When you want to grab a customer’s attention with a splashy direct mail campaign, consider a folded self-mailer.
It looks simple enough – a single folded piece of paper or cardstock – but a self-mailer is a powerful tool. Depending on your goals and budget, it may be to your advantage to go with this format for your direct mail marketing campaign.
The basic requirements
Let’s first consider the self-mailer’s dimensions (according to U.S. Postal Service) when it’s folded and sealed:
- Height: minimum of 3.5 inches and maximum of 6 inches.
- Length: minimum of 5 inches and maximum of 10.5 inches
- Thickness: minimum of .007 inch and maximum of 1/4 inch
Note: a minimum of .009 inch is okay if the height goes over 4-1/4 inches or if the length is greater than 6 inches.
- Maximum weight: 3 ounces
Every self-mailer is made up of panels (the sections created when a sheet of paper is folded). To get the total number of panels, count each two-sided section created by the folds to get one panel. Don’t forget to include the front and back.
You can have a maximum of 12 panels, but there are exceptions (see section 3.14.3 of the Postal Explorer.)
The outside panels produced by the fold must be equal or almost equal in size.
The non-address side or back of the mailer is the last folded panel of the mailpiece. The back panel’s open edge must be at the top or within 1 inch of the top or around the edge of the mailpiece.
The last folded edge must be positioned at the bottom of the self-mailer unless it is an oblong piece. Oblong pieces are covered below.
Some self-mailers have flaps, which are created when the last panel is folded over and attached to the unaddressed side of the piece. Below are some basic standards and requirements for flaps:
- The flap must be at least 1-1/2 inches when measured from the top of the mailpiece.
- The flap’s folded edge must be in line with the top of the mailpiece and finish 1 inch or more above the bottom edge. However, there are exceptions (see section 3.14.3f4 of the Postal Explorer).
- All flaps must be secured by tabs or glue spots/lines.
- Die-cut shapes should be secured with tabs or glue spots/lines.
Okay, with those measurements out of the way, now what?
Well, you’ll need to figure out how to seal the edges of your mailer to give it a safe passage through the USPS processing equipment. This also enhances how a customer experiences your mailer.
Our comprehensive tabbing regulations post covers how your mailer can be sealed. Your choices are glue (lines or spots) or tabs and seals (paper, translucent paper, vinyl, or plastic). The post also illustrates folding options including bi-fold and tri-fold.
How to wow with self-mailers
With multiple tabbed or glued folded panels, you have more real estate to engage your audience, tell them about your offer and what you want them to do. But that doesn’t mean that anything goes.
These tips will help you create a folded self-mailer that meets your marketing objectives.
1. Let it flow
Or rather, make “it” – your sales pitch – flow as the piece unfolds.
Your overall theme for the mailer should be consistent, starting with the front panel. This is where your recipients decide whether to open the mailpiece. The front doesn’t need to be dramatic. But it should spark enough curiosity to bring them into the offer and to get them to read on to the next panel.
No matter what folding concept you choose – for example, a trifold, iron cross, or elaborate twist fold – it shouldn’t be a gimmick. Instead, it should be an integral part of your campaign.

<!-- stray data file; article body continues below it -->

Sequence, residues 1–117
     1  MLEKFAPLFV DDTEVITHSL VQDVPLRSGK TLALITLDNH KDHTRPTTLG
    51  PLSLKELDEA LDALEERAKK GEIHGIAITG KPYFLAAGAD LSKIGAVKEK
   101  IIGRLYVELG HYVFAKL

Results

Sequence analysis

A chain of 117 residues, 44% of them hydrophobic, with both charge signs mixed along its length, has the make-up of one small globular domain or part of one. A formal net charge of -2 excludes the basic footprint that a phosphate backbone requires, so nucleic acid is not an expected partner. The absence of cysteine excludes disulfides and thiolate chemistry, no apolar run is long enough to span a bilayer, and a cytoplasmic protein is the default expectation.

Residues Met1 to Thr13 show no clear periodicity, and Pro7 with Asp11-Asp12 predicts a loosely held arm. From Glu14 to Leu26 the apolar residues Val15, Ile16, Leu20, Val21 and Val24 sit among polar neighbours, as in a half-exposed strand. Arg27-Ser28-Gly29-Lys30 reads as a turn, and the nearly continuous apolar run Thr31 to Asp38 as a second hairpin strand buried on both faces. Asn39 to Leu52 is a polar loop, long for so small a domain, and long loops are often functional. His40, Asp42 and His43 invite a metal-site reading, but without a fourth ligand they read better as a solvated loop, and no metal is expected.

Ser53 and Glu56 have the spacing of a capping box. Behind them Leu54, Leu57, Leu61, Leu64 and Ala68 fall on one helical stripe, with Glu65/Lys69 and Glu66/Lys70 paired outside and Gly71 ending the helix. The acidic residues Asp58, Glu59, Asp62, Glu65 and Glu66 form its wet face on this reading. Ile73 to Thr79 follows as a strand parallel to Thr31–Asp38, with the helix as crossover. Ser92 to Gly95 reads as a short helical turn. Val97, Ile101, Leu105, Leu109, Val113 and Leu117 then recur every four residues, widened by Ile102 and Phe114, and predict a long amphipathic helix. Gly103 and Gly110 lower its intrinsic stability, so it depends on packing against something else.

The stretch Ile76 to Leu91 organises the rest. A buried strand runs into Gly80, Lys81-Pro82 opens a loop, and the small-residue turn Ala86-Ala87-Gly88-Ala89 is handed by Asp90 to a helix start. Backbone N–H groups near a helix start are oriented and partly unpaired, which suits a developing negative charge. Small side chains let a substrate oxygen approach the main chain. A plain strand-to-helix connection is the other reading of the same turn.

Every panel and spread should have its own function. Early on in your planning, draw up a list of the points you want to make, as well as what images and graphics you have to support them. Create a mock layout showing what goes on which panels and in the right relationships.
2. Make an immediate visual impact
Some direct mail marketers say, “It’s copy that sells, not the design … but it’s the design that sells the copy.”
This means that even persuasive copy that’s well-written, loaded with benefits (not features), won’t be read if it’s not presented right.
People process visual information faster than words. So, how the piece looks is a crucial factor in standing out. Full-color, high-resolution photos, charts, and graphics on glossy or matte stock attract interest.
Your images should illustrate – as much as possible – the product or service being marketed. People and actions look great, especially when framed wisely by white or negative space on your mailer. But remember: Attractive or dazzling pictures are not decorations. They’re there to support your offer and copy.
3. Pack a punch with words
Your copy should be a quick read. This means short headlines and sentences, and an easily found call to action so customers understand your overall message or offer.
This helps move them from one panel to the next as they think about how your service or product will benefit them. Also, specifics outsell generalization: don’t waste their time by making them search everywhere for the details of your offer.
Readability should outweigh even some considerations like style. Avoid using text reversed out of a dark color, and carefully look at the point size of any sans serif typefaces.
4. Good markets for self-mailers
Some common offers to promote include:
- Special events, grand openings, open houses, conferences
- VIP/Friends-and-Family sales, special sales
- Coupons – lots of coupons – for dentists, audiologists, pizza shops … you get the idea.
Wrapping it up
Self-mailers should reflect your overall marketing message and not sacrifice value for creativity. Revealing a message one panel or spread at a time builds a case in the customer’s mind and ultimately helps them “What’s in it for me?”
We can help you manage the entire process of your self-mailer campaign – from design through production and mailing through the USPS. Just give us a call at 800-645-6659 or reach out here.